A new couple recently moved into Sparta, the picturesque Ossining hamlet on the edge of the Hudson. The pair built their own home, with river view, and are now probably readying themselves for the arrival of offspring.
Yes, bald eagles are roosting in our neighborhood, in another sign that the bird most symbolic of the USA is continuing its comeback in New York State. The nest, a vast cone of branches and other found material, was spotted a few weeks back and fingers are crossed that there will be a successful fledging by mid- to late summer. Bald eagle nestlings will fledge at about 12 weeks, and by 20 weeks are largely independent.
Fierce-looking and iconic, blessed with a six-to-seven-foot wingspan, adult bald eagles are in fact timid, opportunistic birds and easily recognizable, with their brown bodies, white heads and tails, and bright yellow beaks. Male and female birds may look the same but in fact the female is usually about one third larger and heavier than the male. No comments please. This apparently is typical in birds of prey. Their diet is mainly fish although they will also hunt for mammals, waterfowl, seabirds and even carrion.
Their lifespan can extend to 30 years, and they mate for life. Thrifty birds, they will reuse their nests, which are immense affairs, reaching up to eight or more feet in depth, six feet in width and hundreds of pounds in weight.
“Hudson Valley nests have a high percentage of successful hatches and fledges,” says Tom Lake, consulting estuary naturalist for Region 3, Hudson River Estuary Program, at the New York State Department of Environmental Conservation. “Likely number of the brood? Hatchlings number one to three. One is the highest likelihood, then two, and three is quite uncommon.”
Our state launched a bald eagle restoration program in 1976 and in the following 13 years 198 nestling birds, collected mainly from Alaska, were released in New York. That action resulted in 10 breeding pairs which, by 2010 had risen to 173. They in turn delivered 244 young. By 2017 we had 426 occupied nest sites of which only 48 failed to fledge young.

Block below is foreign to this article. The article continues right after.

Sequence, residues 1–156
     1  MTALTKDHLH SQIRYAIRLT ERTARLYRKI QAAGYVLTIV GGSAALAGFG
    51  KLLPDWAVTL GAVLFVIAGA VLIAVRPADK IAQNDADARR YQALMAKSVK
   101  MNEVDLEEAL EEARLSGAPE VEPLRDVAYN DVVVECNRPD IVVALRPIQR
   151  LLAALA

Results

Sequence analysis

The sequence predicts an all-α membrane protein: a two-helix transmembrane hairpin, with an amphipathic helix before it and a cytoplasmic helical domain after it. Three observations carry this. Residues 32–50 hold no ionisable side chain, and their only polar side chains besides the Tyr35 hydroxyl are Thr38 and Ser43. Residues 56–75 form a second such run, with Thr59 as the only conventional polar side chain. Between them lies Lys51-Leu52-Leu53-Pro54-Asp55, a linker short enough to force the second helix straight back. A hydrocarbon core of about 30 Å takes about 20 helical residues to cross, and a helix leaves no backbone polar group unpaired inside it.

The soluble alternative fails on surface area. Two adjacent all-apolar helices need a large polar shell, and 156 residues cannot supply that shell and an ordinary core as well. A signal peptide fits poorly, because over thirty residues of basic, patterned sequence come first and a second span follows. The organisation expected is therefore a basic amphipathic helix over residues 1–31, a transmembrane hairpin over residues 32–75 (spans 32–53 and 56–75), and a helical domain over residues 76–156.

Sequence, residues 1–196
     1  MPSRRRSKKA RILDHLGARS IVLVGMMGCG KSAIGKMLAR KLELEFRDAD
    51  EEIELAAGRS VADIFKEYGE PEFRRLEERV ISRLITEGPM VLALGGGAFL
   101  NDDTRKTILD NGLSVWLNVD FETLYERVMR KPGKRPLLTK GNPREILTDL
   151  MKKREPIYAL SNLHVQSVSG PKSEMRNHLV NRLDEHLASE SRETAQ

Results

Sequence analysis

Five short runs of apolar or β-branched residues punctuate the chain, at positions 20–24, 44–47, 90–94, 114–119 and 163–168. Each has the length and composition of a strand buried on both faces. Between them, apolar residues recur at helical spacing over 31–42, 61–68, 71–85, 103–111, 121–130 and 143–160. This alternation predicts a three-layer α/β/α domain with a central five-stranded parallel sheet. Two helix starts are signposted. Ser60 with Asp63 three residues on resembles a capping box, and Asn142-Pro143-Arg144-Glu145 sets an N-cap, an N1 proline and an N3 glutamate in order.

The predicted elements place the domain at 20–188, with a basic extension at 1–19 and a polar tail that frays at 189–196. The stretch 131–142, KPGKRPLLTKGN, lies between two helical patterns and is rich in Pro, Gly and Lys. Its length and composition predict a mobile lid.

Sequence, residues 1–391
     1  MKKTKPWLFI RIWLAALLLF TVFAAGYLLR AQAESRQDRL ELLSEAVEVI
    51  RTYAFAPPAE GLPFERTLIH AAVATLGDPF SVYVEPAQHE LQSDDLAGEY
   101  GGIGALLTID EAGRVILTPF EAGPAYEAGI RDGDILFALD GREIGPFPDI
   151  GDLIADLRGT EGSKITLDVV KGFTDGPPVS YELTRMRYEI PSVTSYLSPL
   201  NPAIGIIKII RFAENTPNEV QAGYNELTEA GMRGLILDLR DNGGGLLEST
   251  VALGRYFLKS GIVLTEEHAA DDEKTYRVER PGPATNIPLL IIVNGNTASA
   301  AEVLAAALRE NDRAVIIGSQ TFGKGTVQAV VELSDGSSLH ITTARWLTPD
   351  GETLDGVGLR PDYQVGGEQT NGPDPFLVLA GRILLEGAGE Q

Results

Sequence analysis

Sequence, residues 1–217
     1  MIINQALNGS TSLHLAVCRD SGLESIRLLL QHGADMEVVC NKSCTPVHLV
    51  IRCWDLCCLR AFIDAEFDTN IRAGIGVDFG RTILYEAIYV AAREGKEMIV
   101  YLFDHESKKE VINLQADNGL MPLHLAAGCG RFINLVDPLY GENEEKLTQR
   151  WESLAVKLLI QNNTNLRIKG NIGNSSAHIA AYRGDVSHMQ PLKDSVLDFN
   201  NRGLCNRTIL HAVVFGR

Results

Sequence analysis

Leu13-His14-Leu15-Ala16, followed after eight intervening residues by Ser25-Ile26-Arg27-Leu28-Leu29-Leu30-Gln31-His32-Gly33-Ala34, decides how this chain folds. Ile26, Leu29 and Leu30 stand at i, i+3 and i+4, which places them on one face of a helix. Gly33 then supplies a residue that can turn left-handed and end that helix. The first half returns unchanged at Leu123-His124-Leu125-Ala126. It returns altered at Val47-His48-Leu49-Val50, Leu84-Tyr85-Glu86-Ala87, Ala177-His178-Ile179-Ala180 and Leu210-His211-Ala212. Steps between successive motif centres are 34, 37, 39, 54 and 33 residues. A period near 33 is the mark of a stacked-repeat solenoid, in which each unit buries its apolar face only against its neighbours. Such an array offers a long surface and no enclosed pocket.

So, the prospects for our new Sparta neighbors are good, although threats to the eagles remain. DDT pesticide, once a major cause of depletion, has been banned but lead poisoning is weakening and killing birds that feed on carrion brought down by lead bullets. And human activity – developing shorelines, and logging – destroy habitats and limit nesting areas.
“The recovery of the bald eagle in the lower Hudson Valley reflects an extraordinary effort made by New York state beginning in the bicentennial year of 1976 to reintroduce eagles here from Alaska,” says Anne Swaim, executive director of Saw Mill River Audubon. “It also reflects a cleaner Hudson River with fish and waterfowl to provide food for the eagles. Thirty years ago, we saw eagles rarely and only in the winter. Now, every winter dozens come to the lower Hudson River, a recognized Audubon Important Bird area, from northern habitats and we now have year-round eagles with multiple eagle nests in Westchester and Rockland counties.”
Does a pair nesting so close to a village represent any kind of risk, especially to the birds?
“It is not a common thing,” replies Swaim. “Very special. No risks to eagles or people or pets, truly.”
And there’s the takeaway. These neighbors are to be cherished, but even well-meaning humans should give them their space. They represent wildlife at its most magnificent and we should admire and glory in them quietly, from afar.
PHOTO CAPTION: The eagle’s nest in Sparta (Photo supplied).